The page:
Rotterdam - 23 June 2017 Review
"Should be seen by all"Rotterdam has seen continued success after first opening at Theatre 503 in 2015, before transferring to the Trafalgar Studios and having an Off-Broadway run, before now coming back home for another London stint at the Arts Theatre.
Luckily it easily lives up to the hype precipitated by its multiple transfers. Focussing on a lesbian couple and the turmoil they face when one of the pair decides she wants to transition to living life as a man, it is easy to see why this play has become so talked about.
Despite stories of LGBT issues often being more represented in theatre than many other art forms and media, there is still a notable lack of serious portrayals of trans couples on stage. For years, most portrayals of any kind of gender fluidity on stage have come in the form of the bombastic performances of the drag queens and trans women of Kinky Boots, Priscilla, The Rocky Horror Show and, more recently, Everybody’s Talking About Jamie.
Although these are fantastic in their own right, as a portrayal of what it means to be different, they too often fall into the trap of being purely an upbeat, camp celebration, rather than a more nuanced and relatable depiction.
Jon Brittain’s play however perfectly manages to fill this void. Many questions are posed by Rotterdam, dissecting the confusion and anguish of someone who has never been comfortable within their own body, as well as how it feels to be a partner who doesn’t know how to react. It doesn’t try to answer them all however, managing to tell a single story without making it feel like it is the only story of transitioning.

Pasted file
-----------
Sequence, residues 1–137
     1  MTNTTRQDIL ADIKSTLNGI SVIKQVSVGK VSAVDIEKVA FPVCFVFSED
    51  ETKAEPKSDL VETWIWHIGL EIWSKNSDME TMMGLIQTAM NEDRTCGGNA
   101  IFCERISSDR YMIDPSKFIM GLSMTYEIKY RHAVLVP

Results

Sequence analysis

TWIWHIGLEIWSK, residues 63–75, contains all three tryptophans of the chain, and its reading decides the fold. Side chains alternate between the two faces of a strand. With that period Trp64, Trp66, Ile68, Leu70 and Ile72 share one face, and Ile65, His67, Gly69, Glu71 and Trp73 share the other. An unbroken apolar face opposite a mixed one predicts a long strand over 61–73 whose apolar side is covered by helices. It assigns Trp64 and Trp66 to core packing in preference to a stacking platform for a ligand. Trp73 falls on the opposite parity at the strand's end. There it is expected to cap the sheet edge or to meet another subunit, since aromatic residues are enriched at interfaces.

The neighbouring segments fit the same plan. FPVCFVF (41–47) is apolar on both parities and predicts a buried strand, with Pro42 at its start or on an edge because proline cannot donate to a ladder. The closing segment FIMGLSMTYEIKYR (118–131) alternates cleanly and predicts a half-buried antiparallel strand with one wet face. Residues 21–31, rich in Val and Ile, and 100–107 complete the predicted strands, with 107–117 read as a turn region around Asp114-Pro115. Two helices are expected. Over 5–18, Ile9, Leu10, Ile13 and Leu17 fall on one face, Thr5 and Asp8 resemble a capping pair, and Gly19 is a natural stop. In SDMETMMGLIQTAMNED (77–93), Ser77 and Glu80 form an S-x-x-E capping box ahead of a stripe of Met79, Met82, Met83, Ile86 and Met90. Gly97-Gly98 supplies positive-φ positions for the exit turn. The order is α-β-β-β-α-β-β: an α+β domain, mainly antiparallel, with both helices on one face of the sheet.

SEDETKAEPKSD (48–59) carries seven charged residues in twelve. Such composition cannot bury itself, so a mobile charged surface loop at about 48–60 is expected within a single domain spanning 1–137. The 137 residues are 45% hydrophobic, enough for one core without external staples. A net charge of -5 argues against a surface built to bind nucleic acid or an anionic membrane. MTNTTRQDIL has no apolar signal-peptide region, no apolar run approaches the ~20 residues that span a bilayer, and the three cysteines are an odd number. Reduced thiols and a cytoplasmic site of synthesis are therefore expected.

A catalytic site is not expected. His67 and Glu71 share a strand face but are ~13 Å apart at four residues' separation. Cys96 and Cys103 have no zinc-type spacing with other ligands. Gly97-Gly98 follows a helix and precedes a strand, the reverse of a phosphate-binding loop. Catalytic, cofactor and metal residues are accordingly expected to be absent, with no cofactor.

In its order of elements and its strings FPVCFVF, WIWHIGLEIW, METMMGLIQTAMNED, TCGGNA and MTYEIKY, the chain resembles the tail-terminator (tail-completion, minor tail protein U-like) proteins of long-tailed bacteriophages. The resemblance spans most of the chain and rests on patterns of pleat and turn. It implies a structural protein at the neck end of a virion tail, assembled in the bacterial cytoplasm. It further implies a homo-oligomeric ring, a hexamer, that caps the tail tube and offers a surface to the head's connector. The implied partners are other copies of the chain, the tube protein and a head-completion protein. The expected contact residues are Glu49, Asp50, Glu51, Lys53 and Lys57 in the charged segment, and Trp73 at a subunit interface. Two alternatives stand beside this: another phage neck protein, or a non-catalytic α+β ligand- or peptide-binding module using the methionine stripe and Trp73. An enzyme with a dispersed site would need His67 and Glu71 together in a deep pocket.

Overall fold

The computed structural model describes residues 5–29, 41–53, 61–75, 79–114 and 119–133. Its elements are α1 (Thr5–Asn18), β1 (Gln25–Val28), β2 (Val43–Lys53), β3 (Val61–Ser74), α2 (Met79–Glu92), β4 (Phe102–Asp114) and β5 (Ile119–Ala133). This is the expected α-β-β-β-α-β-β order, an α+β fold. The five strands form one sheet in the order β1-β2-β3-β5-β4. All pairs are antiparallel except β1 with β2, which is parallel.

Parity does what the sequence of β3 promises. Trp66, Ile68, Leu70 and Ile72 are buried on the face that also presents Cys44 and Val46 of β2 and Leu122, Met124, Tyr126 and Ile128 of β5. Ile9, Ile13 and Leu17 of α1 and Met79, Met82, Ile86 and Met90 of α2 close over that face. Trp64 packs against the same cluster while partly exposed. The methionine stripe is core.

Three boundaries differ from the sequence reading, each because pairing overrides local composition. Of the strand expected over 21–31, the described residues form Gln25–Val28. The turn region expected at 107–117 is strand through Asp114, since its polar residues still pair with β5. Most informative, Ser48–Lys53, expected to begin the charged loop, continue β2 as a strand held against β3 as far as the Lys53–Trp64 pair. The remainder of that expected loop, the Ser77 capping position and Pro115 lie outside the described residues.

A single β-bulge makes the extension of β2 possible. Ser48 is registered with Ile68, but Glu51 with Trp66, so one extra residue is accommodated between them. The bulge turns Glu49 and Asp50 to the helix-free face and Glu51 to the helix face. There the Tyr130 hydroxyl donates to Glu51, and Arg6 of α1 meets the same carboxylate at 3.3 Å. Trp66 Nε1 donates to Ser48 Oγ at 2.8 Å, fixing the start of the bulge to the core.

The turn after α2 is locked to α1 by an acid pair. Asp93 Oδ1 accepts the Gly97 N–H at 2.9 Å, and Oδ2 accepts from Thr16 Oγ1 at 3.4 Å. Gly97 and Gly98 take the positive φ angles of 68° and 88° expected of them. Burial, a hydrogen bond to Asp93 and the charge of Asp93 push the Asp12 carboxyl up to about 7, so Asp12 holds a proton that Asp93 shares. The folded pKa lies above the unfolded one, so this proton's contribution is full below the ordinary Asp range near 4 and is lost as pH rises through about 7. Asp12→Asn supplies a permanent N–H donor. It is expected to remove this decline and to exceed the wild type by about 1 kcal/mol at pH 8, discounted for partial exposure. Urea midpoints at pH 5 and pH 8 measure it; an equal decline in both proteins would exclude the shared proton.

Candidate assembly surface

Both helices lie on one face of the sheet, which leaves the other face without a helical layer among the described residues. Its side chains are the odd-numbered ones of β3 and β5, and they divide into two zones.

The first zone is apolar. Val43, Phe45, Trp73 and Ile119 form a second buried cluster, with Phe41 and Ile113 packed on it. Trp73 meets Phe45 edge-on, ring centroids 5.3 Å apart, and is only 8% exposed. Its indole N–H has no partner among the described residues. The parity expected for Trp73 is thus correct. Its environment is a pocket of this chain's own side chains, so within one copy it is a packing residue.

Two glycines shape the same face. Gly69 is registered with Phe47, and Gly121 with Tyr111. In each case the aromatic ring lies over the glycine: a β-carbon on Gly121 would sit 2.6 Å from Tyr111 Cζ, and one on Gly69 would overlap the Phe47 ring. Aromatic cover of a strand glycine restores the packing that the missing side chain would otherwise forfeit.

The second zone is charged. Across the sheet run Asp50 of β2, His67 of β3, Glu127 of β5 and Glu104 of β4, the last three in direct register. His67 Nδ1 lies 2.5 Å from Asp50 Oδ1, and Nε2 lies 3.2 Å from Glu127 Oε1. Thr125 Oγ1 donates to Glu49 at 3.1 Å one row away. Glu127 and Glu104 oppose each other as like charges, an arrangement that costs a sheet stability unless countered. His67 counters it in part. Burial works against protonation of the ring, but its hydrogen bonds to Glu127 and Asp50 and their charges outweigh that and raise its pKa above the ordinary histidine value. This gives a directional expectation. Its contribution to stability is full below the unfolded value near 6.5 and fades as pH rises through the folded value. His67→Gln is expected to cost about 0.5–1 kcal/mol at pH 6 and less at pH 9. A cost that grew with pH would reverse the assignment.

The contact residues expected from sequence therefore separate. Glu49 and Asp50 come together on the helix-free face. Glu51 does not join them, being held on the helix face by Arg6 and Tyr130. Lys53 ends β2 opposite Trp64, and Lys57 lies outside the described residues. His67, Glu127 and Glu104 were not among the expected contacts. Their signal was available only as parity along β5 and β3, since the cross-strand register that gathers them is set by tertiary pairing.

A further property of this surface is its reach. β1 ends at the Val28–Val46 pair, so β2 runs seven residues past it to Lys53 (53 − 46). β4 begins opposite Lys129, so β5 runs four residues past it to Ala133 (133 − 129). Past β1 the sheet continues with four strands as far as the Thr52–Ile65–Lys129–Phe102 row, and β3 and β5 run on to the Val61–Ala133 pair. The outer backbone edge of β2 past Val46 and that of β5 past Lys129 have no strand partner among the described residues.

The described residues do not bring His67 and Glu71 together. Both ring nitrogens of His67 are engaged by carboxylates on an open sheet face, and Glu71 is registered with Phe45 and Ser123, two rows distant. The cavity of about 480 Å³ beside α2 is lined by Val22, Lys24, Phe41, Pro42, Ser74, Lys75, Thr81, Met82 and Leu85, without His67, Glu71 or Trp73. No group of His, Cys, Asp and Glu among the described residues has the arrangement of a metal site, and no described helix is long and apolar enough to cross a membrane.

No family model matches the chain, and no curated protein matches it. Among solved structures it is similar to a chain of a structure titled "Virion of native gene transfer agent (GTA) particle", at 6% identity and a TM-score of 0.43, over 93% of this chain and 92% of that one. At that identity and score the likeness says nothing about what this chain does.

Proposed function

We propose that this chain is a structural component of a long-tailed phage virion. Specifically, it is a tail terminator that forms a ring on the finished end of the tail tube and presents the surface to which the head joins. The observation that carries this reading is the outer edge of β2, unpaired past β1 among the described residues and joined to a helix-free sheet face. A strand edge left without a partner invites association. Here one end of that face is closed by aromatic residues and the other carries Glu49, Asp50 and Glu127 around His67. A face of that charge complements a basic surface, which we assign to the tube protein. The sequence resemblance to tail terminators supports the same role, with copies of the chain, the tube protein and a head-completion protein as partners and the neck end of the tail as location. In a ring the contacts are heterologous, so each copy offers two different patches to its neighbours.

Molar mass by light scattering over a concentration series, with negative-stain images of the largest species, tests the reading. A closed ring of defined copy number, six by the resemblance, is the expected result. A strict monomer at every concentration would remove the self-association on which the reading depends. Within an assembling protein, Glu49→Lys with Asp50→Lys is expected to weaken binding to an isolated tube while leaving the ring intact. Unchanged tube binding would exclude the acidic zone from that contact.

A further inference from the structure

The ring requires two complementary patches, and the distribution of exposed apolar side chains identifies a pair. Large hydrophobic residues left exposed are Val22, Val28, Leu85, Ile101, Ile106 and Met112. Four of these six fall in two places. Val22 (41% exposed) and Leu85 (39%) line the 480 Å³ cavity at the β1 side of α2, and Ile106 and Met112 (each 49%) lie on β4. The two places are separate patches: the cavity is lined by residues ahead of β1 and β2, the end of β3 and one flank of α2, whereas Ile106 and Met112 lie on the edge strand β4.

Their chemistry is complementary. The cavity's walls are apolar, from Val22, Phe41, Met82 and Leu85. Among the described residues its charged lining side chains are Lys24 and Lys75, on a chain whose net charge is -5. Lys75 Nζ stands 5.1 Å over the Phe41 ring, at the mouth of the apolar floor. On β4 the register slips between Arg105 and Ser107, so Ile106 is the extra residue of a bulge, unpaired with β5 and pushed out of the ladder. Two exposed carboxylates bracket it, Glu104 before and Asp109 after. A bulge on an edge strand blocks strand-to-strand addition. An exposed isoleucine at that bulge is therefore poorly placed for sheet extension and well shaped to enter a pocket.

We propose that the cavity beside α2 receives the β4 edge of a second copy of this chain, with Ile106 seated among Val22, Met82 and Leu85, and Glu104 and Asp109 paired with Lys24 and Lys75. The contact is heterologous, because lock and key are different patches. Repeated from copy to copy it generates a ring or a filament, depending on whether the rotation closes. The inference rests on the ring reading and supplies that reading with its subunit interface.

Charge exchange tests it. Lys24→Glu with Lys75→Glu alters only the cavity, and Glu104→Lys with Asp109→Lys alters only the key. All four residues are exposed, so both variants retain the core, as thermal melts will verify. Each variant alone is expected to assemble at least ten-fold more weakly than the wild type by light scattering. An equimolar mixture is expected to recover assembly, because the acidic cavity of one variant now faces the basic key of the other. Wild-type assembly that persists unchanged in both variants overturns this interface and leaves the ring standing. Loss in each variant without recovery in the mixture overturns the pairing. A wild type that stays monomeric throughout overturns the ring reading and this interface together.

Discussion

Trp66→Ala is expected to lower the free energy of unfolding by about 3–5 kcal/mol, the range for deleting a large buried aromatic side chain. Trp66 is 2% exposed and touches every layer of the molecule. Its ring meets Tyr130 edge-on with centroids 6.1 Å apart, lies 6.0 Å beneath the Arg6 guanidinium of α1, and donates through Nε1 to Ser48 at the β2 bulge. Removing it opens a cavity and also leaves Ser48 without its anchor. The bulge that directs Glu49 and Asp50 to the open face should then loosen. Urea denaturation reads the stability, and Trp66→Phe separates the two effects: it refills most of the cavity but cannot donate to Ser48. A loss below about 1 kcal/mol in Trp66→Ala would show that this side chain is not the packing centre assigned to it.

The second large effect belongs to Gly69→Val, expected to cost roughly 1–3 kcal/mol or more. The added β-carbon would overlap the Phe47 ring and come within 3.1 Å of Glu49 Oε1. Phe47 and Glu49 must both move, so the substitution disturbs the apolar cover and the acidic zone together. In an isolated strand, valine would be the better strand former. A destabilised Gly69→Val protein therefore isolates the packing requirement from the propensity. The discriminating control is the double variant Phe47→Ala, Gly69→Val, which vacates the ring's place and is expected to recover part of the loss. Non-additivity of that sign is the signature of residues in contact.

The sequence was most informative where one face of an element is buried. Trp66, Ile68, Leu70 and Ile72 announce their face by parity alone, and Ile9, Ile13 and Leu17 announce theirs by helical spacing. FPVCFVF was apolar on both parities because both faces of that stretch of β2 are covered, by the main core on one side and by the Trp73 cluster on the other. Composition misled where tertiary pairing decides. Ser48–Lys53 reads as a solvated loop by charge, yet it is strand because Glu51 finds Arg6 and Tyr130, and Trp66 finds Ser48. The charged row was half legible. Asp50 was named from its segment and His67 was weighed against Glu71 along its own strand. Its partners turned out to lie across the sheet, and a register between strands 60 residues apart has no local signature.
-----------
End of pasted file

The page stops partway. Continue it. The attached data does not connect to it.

The play is far from a kitchen sink drama however, with a fast-paced plot that keeps you hanging on. Although you probably wouldn’t bill it as comedy, it has far more funny lines and jokes that land than many comedies in the West End do. The humour manages never to feel pretentious however and also avoids ever becoming base or demeaning, in the way that is so easy to do when joking about sex or sexuality.
This level of comedy may be surprising but the humour makes the characters far more real and relatable, developing genuine empathy for when the play pivots to heavier scenes. Towards the end when Fiona, now Adrian, attempts to desperately and drunkenly put on a dress and makeup in an attempt to conform to feminine norms, it cannot help but feel like the most unnatural and tragic thing in the world.
The cast are all fantastic as well, with Alice McCarthy as Alice and Anna Martine Freeman as Fiona/Adrian, they easily are able to make the characters intricate and interesting and never as something weird or to be ogled.
Funny and moving, this nuanced bittersweet play may not be the most extravagant of productions, but it certainly has far more heart than most and should be seen by all.
Reviewed by Shaun Millis.
23 June 2017, Arts Theatre